Whether in the Manhattan moonlight or poolside in Palm Springs, the choices and risks one takes in life and love offer a fascinating glimpse into the human heart and mind, as Open Book presents “Frankie and Johnny in the Clair de Lune,” and the Ringwald launches “Bright Colors and Bold Patterns.”
OPEN BOOK THEATRE PRESENTS ‘FRANKIE AND JOHNNY IN THE CLAIR DE LUNE’
“Clair de Lune,” or “moonlight” is the soul-searching and emotionally risk-taking setting of Terrance McNally’s “Frankie and Johnny in the Clair de Lune,” the next production of Trenton’s Open Book Theatre Company.
The show runs 8 p.m. Jan. 24, 25 and 31, and Feb. 1, 7, 8, 14, 15, and 20 to 22, and 2 p.m. Jan. 26 and Feb. 2, 9 and 16 at the playhouse, 1621 West Road, Trenton.
Director Wendy Katz Hiller said the show is “deceptively simple.”
“Two middle-aged ‘losers’ have what could be a one-night-stand or, possibly, the start of a relationship,” Hiller said. “The tension between our wants and our fears, masks and vulnerabilities, alienation and connection are explored throughout one important night.”
She said the playwright doesn’t let the story become preachy or melodramatic.
“The play is filled with funny, biting, ironic moments, as well as the sweet hope of the possibility of love,” Hiller said.
She said that while the show forgoes the nudity of the Broadway production, it does contain mature language and themes.
Hiller said the intimate performance space of Open Book is an excellent fit for the show.
“I look forward to Open Book patrons being both challenged and touched by this play, that audiences around the country have loved for 30 years,” she said.
The cast include Krista Schafer Ewbank as Frankie and Patrick Loos as Johnny, both local Wilde Award-winning actors.
Artistic director Ewbank said she has wanted to bring the play the Open Book stage for quite a while.
“I’m really interested in the intimacy issues, and the barriers to intimacy presented in the play,” she said. “We all have things that keep us from getting closer to others, walls that we build around ourselves in an attempt to protect ourselves, that also keep people from getting close to us. ‘Frankie and Johnny’ is an interesting exploration of that.”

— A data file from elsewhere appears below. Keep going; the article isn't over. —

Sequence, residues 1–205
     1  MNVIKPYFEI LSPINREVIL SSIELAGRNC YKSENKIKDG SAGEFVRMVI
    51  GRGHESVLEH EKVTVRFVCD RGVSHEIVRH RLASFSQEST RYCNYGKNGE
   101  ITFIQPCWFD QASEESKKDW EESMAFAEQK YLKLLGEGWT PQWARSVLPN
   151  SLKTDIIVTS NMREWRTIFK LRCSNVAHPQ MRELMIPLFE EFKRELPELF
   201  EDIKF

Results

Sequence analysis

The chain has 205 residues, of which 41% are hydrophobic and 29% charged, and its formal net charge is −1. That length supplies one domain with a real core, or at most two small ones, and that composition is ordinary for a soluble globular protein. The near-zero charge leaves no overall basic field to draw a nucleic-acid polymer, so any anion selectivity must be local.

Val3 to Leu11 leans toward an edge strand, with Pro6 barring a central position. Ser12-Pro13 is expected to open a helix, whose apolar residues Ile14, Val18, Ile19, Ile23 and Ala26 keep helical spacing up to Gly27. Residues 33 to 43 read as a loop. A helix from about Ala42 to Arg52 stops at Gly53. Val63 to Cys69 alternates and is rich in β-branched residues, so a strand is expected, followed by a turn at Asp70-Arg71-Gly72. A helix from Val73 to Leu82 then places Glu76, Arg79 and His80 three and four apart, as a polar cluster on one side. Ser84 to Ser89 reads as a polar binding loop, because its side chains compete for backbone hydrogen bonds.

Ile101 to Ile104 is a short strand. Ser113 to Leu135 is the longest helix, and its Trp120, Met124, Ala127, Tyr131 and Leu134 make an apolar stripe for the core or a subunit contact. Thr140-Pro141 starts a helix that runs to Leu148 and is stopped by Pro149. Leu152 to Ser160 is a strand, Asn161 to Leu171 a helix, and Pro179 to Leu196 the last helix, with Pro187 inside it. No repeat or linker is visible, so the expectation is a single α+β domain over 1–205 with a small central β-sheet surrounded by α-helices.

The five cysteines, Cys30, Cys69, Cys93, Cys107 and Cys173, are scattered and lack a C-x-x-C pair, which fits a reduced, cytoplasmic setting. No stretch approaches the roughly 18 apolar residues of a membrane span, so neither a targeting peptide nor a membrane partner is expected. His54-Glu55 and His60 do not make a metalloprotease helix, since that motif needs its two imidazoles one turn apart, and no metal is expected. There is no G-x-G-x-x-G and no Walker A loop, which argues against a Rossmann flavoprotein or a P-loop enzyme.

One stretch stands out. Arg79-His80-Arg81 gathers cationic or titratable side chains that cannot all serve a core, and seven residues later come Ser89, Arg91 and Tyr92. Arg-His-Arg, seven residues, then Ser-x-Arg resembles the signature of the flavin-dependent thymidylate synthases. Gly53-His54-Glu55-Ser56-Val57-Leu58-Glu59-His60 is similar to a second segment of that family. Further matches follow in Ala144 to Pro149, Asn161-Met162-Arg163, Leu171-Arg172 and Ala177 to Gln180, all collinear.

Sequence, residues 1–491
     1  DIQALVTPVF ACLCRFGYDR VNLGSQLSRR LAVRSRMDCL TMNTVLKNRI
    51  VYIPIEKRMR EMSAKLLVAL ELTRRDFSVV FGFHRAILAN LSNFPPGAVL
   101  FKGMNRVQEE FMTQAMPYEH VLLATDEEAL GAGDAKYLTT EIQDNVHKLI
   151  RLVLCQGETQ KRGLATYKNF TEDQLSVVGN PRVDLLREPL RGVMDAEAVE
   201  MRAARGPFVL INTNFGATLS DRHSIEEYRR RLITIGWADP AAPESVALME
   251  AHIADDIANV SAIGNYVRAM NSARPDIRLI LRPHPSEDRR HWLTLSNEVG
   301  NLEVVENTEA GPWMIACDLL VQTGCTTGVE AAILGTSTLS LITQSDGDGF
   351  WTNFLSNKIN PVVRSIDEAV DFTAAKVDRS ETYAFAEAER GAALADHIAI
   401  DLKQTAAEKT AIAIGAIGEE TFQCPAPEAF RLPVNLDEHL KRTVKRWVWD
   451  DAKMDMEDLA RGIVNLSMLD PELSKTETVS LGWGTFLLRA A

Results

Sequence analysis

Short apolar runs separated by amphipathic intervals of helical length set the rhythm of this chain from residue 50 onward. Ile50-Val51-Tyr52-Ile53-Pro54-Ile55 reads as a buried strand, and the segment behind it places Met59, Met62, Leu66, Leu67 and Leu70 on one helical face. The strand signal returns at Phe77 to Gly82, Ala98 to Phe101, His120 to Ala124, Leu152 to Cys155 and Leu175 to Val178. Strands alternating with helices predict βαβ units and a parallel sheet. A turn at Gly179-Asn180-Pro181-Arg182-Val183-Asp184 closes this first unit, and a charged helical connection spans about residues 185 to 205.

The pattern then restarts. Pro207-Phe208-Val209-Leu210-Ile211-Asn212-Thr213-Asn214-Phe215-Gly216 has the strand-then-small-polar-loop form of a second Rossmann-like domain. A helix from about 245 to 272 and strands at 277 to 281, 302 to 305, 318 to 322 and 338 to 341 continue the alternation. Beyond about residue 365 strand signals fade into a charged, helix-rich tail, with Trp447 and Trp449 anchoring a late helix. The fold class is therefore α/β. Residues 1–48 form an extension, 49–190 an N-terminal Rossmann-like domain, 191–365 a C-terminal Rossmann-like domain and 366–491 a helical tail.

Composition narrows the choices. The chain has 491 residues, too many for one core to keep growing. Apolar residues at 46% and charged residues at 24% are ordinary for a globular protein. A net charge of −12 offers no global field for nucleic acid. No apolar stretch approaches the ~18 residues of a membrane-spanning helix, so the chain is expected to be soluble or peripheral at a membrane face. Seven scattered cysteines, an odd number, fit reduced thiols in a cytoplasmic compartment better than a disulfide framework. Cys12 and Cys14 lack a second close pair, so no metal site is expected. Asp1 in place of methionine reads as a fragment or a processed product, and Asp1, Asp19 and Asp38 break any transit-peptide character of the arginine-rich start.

Ewbank said the play is both appealing and emotionally challenging for performers.
“I’ll admit I’ve also been a bit intimidated by it,” she said. “It’s a very vulnerable piece, in a lot of different ways. I’ve looked at it nearly every year since I opened ‘Open Book.’ This year just felt like the right time.”
Ewbank said that while her personality is very different from her character, Frankie, she can relate to her very human need for, as well as her fear of, the vulnerability inherent to emotional connection. In turn, she hopes audiences see that such emotional connections are worth the risk.
“I hope they’re thinking about the gifts that can come from connecting with others, and considering the walls they’re hiding behind themselves, and what can be gained by risking that connection,” Ewbank said.
Tickets are $25, with a $5 discount for seniors and a $10 discount for students. All tickets are $30 for the Jan. 24 opening night gala. For tickets or more information, call 734-288-7753 or go to openbooktc.com.
RINGWALD PRESENTS ONE-MAN COMEDY ‘BRIGHT COLORS AND BOLD PATTERNS’
Blending in versus embracing one’s colorful, over-the-top personality is the basis for the Ringwald’s production of Drew Droege’s one-man comedy, “Bright Colors and Bold Patterns.”
The show runs 8 p.m. Jan. 10, 11, 13, 17, 18, 20, 24, 25 and 27, and 5 p.m. Jan. 26 at the theater, 22742 Woodward, Ferndale.
Directed by Kelly Komlen of Dearborn, the show features the acting talent of Ringwald artistic director Joe Bailey, who plays Gerry.
The story is set in Palm Springs, Calif., where road weary Gerry has just arrived for his friends Josh and Brennan’s meticulously planned wedding. He settles poolside, under the influence of a few beers, stewing that the invitation dictates that guests “refrain from wearing bright colors or bold patterns.”
Gerry’s insightful and humorous running dialogue offers a revealing and entertaining look at contemporary gay life, and asks whether it is more important to blend in or stand out in an age in which “there is no khaki in the rainbow.”
Tickets are $20, with a $10 discount for the Monday performances. For more information, call 248-545-5545, and to order, go to TheRingwald.com.